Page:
No matter where you go, there will be those who seek to restrict your ability to exercise your right to keep and bear arms. It’s just far less likely to go anywhere in a state like Texas.
And yet, there’s a bill up for consideration there that would require an ID in order to buy ammunition in bulk.
In the wake of the Uvalde massacre, several gun reform bills have been introduced this legislative session.
And in our latest episode of Y’all-itics we explore whether any of the proposals will even make it out of committee.
State Sen. Roland Gutierrez, a Democrat from San Antonio whose district includes Uvalde, is behind much of the legislation
Among other things, Senator Gutierrez’s bills would address a bulk ammunition database, in which case you’d have to show ID to buy bullets in bulk, similar to the way consumers now have to purchase pseudoephedrine. And a purchase of 200 rounds or more of ammunition would require a background check.
Of course, 200 rounds aren’t “bulk” or anything of the sort. It’s a day at the range for many of us.
Seriously, if I’ve gone to the range and not burned through at least that, I feel like I wasted the trip. And yet, Gutierrez thinks that warrants having to show a picture ID?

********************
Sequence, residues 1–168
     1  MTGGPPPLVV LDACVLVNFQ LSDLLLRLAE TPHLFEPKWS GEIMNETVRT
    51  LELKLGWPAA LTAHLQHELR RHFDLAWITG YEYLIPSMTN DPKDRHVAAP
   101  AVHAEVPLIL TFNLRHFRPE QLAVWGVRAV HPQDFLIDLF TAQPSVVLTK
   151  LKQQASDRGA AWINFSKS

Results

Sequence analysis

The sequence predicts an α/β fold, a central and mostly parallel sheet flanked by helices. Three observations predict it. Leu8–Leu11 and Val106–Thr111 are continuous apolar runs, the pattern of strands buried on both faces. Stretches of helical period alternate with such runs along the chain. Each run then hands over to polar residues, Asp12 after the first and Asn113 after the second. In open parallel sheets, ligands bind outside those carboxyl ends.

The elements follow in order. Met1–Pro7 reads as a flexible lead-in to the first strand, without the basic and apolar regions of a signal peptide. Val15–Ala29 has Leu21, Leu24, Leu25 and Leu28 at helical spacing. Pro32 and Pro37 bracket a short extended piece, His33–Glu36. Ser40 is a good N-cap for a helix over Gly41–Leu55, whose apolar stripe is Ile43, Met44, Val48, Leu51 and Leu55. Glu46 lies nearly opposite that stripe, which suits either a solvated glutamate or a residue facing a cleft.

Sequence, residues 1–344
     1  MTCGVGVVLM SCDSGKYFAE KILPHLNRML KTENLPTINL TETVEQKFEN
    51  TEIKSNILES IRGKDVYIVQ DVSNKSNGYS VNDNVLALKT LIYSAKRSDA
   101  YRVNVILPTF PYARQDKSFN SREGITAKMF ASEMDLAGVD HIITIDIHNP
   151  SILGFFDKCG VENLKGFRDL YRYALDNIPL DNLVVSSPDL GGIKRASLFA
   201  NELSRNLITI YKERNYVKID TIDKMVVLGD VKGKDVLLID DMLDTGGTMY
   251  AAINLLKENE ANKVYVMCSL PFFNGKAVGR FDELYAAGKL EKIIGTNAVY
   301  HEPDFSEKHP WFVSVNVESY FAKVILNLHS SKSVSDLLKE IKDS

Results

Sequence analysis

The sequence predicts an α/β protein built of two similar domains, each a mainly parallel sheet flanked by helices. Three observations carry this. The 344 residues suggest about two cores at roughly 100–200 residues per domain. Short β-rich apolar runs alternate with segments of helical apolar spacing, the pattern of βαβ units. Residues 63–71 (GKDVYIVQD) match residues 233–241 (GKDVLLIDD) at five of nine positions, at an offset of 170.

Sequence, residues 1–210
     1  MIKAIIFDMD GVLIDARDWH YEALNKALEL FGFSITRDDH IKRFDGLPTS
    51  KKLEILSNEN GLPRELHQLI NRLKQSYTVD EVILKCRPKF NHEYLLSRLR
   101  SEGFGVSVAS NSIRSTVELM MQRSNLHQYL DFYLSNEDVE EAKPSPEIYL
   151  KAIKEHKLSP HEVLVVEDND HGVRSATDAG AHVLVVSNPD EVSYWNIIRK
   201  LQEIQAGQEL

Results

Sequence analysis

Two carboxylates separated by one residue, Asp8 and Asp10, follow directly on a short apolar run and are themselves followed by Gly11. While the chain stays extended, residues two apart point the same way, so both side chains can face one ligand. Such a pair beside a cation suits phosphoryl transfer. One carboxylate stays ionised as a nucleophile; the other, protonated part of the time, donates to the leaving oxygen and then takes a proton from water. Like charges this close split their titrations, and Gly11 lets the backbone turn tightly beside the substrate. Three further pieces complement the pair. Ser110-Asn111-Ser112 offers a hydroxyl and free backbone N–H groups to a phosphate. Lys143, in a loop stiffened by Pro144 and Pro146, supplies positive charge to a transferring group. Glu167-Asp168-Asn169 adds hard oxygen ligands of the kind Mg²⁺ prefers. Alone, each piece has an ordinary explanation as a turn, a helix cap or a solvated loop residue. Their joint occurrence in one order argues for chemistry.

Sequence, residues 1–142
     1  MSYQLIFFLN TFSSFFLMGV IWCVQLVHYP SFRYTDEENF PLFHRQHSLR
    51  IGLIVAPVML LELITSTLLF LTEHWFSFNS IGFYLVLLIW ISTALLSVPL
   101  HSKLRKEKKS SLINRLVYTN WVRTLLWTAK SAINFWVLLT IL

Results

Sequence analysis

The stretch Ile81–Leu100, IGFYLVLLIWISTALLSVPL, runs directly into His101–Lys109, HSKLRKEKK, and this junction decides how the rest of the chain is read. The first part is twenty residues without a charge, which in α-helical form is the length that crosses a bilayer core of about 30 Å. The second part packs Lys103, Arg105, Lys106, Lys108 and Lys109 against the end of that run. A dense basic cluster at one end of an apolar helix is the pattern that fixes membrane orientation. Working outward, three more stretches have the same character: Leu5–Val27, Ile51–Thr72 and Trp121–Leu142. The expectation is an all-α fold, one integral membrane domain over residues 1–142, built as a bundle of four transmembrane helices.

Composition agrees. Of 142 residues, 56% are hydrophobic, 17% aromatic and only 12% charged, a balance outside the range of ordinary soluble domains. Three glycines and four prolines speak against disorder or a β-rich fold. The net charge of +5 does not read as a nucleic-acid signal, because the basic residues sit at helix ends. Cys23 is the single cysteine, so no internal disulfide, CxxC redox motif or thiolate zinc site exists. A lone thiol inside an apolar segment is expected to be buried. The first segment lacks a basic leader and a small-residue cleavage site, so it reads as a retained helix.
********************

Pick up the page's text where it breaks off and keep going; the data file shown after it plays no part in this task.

And a background check?
Let’s understand something here. Gutierrez is trying to spin this as being about Uvalde, but it’s not. This is about people like you and me.
The Uvalde killer had no criminal background check. Buying a couple of hundred rounds wouldn’t have been an issue, even with a background check. He’d have still done it and no one would have batted an eye, especially in Texas where 200-round sales are nothing.
It doesn’t even inhibit more garden-variety bad guys, since they tend not to buy ammo in what Gutierrez calls “bulk.” They’ll buy a box of 50 or so and call it good. It’s not like they go to the range on a weekly basis or anything.
So that just leaves little old us.
We’re the ones likely to buy in “bulk” and have to undergo the background check process. We’re the ones who will have to hand over an ID to stock up before a range day. We’re the ones who are going to basically feed into a database of who is buying ammo and most likely what kind.
If you can’t see why that’s an issue, seek help.
The good news is that this is, in fact, Texas. While Gutierrez can talk about Uvalde families and supposedly sympathetic Republican lawmakers, there’s almost zero chance this ever sees the other side of being in committee, much less become law.
Yet let’s also recognize that it was introduced for a reason. Gutierrez is either reading the room and believes it’ll have a shot at some point in the near future or he’s delusional.
If you’re in Texas, don’t bank on the latter. Call your legislators and demand (politely) that they openly and vehemently oppose this bill.